Living Blamelessly

Sunday Times March 15th 2009

Open Minds: Why have we stopped being responsible for our own actions?

At school we all envied Sammy.  When we were splashing through freezing slimy puddles, spattering our legs with foul smelling mud, he was warm in the library clutching his “note” perpetually excusing him from the cross country.  In fact, having been diagnosed with mild dyspraxia, Sammy’s note was continually updated by his concerned parents, who excused him from all sports for his entire school career.

Today, the envy has gone.  Sam has lived as if he always had a note excusing him from any of life’s adventures.  At thirty-eight, his circumference has been multiplied by pie; chronically obese, he suffers from continuous vertigo, countless phobias and desperately unhappy singleness.

Had he been born twenty years before, or to a less privileged class, his dyspraxia would have just been called “clumsiness”, for which there was no known note.  Possibly, the habit of exercise and a modicum of practiced coordination may have been acquired at an early enough stage to save him from such a waisted life.

Perhaps Sam was genetically “programmed” to end up like this but I have a terrible feeling that it wasn’t his genes or his dyspraxia that did for him, it was his “note”.

But don’t we all have, or long for, our own notes?  The desire for something that will excuse us, or our children, for acting as we do – rather than as we imagine we should – seems an almost quintessential human urge.  Each advance in the human sciences is a step towards that Holy Grail: The Universal Excuse Note.

From Humanism to Phrenology, social theories and the genome project, we have quickly hijacked each philosophical, sociological or scientific finding to furnish more excuses for our own uncivilised conduct.

Personally I have, I think we all have, a “note” constantly lurking in my brain, waiting for the moment I’m caught being me, and not being the someone I know I really ought to be:

To whom it may concern.

Please excuse Marius’ borderline racism today; he is just trying to conform to the social pressures of his background.  Please will you also excuse him from any punishment for cheating on his wife – I’m sure you understand that he is merely a hostage to his selfish genes vying for survival. Lastly, if you catch him picking his nose, please will you excuse him as he is, after all, only a slightly evolved chimpanzee.

In the last few years, with advances in electroencephalograph (EEG) scanning, the brain and its workings have become the latest fodder for our universal “note”.  The Scientific American publishes a monthly magazine devoted to the brain, the Science and Self-Help sections of bookshops are bursting with brain books and you can tell when something has become truly ubiquitous – there’s a “Rough Guide” to it.

As our understanding of the workings of the “normal” mind, and the chemicals that are released in the face of various stimuli, improve, lawyers – and parents – are armed with an ever more sophisticated arsenal of mitigating and evidential factors.  Today, a murderer influenced by the chemical surges of pre-menstrual tension, though an apparently normal part of body function, is not a murderer.  Or, as I recently had to explain to the parents of two of my son’s school mates, “My son’s not actually an aggressive bully with a proclivity for sticking heads down toilets, he is suffering from melatonin underproduction and struggling to manage his teenage testosterone spikes.” I could tell from their contrite gawping that they quickly understood he was just as much a victim as their own little oiks.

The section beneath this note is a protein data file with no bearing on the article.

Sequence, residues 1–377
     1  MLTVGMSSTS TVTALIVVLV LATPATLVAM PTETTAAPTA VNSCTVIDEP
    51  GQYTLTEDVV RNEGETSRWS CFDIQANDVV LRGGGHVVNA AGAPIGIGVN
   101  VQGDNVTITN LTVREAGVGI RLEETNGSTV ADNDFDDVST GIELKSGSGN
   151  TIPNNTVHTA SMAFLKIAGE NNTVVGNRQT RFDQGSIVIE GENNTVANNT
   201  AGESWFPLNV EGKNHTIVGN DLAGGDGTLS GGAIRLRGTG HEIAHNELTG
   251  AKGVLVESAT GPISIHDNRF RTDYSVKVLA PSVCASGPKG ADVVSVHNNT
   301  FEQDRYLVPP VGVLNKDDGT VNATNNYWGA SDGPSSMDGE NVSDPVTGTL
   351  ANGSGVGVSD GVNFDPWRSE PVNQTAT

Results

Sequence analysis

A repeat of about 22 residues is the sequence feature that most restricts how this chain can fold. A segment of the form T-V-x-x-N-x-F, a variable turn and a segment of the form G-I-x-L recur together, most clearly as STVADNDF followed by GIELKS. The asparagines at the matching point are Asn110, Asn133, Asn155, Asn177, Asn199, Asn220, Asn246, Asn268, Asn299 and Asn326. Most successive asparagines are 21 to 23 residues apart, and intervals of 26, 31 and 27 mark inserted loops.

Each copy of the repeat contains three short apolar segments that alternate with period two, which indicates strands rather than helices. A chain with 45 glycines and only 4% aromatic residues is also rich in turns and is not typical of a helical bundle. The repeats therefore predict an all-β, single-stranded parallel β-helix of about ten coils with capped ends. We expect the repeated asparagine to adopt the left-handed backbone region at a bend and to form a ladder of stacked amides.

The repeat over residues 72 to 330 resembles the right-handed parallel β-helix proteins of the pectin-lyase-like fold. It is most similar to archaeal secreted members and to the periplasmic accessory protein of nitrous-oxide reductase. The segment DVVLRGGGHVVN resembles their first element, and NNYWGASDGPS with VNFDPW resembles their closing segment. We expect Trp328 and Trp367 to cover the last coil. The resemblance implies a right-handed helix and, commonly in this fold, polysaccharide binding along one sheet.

If we, apparently, cannot control the chemicals and processes of our minds and bodies that effect our behaviour, are we actually responsible for anything we do?

At what point will we recognise that “my” brain, “my” rushes of adrenalin or floods of pheromones, is “me”?  If, when healthy, we can’t or won’t, even take responsibility for our own brains – and by association our own minds – then we are in danger of losing our identities, our individuality, ourselves.

Perhaps the question shouldn’t be why are we looking for excuses, but why do we feel so guilty in the first place?  Before humanism, we saw evil, or vanity, or stupidity, we did awful or idiotic things, but we had the ultimate “note”, “The devil made me do it.”

Now, though we’re still reaching for excuses, albeit more “scientific”, to apparently act like the venal selfish animals we are, the very fact that we’re looking for a “note” means we also recognise when we’re failing to be what we aspire to be: better. There’s hope!

The danger of the “note” will always be that we start to believe it and allow ourselves to stop striving; as Sam did.

Sammy’s parents, concerned for their child, gave in and encouraged Sammy to do the same.  Dyspraxia is, after all, a neurological disorder.  Had they looked deeper at neurological findings, they would have discovered that brains, especially young ones, have a phenomenal ability to “rewire” themselves through familiarity and conditioning.  It’s called “learning” or, if you prefer, “the process of creating new synaptic pathways in the brain”.

It seems counterintuitive to take the punishment, to run the race, to pound through the stinking puddles rather than find an excuse, but tearing up your own “note” might just be the best thing you’ll ever do.

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